Wairoa trust announces first horticulture graduates

Tātau Tātau o Te Wairoa Trust has announced the graduation of the first five cadets from its horticulture programme.

It marks a significant milestone in the development of local talent and Wairoa’s regional economy as the cadets successfully completed their Level 3 horticulture certification while working on orchards over the past three years, the trust said in a statement.

The graduates – Donald Carroll, Frank King, Sirius Tamati-Smith, Rome Robinson-Kawana and George Cox – have all secured management roles within the Whakapau and Tara Orchards.

Their roles span from block lead to foreman, reflecting the diverse opportunities provided by the trust’s employment and training programme.

Tātau Tātau o Te Wairoa chairman Leon Symes emphasises the significance of the horticulture programme in the long-term prosperity of Wairoa.

“Our horticulture venture is not only about economic returns but also about nurturing our land, water and providing opportunities for our community.

“The earn-as-you-learn approach and progression into management roles of all five cadets underscores the effectiveness of our training and career programme.”

Since its inception, Tātau Tātau o Te Wairoa has planted 28ha of Māori land owned by the trust and Ohuia Incorporation, transitioning from traditional sheep and beef farming to horticulture.

“This initiative has not only created employment but also provided valuable training for rangatahi cadets, fostering sustainable growth in the region.”

Looking towards the future, the trust was seeking investment through the Regional Infrastructure Fund to expand and accelerate its horticulture operations, Symes said.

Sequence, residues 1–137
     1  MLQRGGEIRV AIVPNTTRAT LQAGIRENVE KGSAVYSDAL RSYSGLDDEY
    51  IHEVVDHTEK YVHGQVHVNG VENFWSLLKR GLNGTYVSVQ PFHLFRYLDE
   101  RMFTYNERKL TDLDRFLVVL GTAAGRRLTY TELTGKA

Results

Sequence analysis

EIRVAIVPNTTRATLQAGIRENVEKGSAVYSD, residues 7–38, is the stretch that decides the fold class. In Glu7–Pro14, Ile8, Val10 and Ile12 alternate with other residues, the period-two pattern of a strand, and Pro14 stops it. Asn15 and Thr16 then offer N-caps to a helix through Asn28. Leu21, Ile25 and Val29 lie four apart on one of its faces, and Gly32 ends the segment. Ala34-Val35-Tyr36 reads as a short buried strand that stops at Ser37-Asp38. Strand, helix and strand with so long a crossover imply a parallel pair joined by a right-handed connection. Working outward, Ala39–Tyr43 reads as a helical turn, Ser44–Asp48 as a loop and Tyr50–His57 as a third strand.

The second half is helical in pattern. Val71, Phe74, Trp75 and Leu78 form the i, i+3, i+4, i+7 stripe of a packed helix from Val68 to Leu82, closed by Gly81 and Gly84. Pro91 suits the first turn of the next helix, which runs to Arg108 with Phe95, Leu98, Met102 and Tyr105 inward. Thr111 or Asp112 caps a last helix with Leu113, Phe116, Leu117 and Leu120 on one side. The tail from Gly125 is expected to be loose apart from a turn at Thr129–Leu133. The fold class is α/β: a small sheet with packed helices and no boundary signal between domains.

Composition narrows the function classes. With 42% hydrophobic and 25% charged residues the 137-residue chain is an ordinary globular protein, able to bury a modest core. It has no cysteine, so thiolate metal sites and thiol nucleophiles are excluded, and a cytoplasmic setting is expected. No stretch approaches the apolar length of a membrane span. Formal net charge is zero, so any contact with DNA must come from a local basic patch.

The trust has outlined plans for water storage, orchard infrastructure and the establishment of a first-stage packhouse, which would provide vital infrastructure for economic growth.

“At the moment our apples get graded in Hastings – to cut down the movement and transportation on roads that are impacted by Cyclone Gabrielle, we want to retain and do the grading here,” Symes said.

“It also means that any fruit not exported will go back into the community. There may be opportunities to distribute or process them locally.

“The funding will accelerate Whakapau development in Wairoa which will in turn boost economic resilience through diversification, create jobs and training for locals, increase local economic returns and position Wairoa as a hub for horticultural expansion in the region.


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First published by NZ Herald. Click here to read the full article.